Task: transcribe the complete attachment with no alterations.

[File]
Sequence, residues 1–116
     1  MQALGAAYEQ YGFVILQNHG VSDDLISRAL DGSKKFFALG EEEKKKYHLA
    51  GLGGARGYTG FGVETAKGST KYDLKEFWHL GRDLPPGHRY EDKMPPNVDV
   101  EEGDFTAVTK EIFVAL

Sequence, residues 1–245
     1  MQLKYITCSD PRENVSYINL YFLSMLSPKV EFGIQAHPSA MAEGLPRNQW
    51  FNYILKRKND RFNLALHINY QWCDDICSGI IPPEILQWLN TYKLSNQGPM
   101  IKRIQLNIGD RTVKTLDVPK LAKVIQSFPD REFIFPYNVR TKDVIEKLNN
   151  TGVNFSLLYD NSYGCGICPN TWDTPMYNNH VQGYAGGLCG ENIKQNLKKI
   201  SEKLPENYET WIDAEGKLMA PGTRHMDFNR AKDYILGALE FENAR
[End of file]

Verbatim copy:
Sequence, residues 1–116
     1  MQALGAAYEQ YGFVILQNHG VSDDLISRAL DGSKKFFALG EEEKKKYHLA
    51  GLGGARGYTG FGVETAKGST KYDLKEFWHL GRDLPPGHRY EDKMPPNVDV
   101  EEGDFTAVTK EIFVAL

Sequence, residues 1–245
     1  MQLKYITCSD PRENVSYINL YFLSMLSPKV EFGIQAHPSA MAEGLPRNQW
    51  FNYILKRKND RFNLALHINY QWCDDICSGI IPPEILQWLN TYKLSNQGPM
   101  IKRIQLNIGD RTVKTLDVPK LAKVIQSFPD REFIFPYNVR TKDVIEKLNN
   151  TGVNFSLLYD NSYGCGICPN TWDTPMYNNH VQGYAGGLCG ENIKQNLKKI
   201  SEKLPENYET WIDAEGKLMA PGTRHMDFNR AKDYILGALE FENAR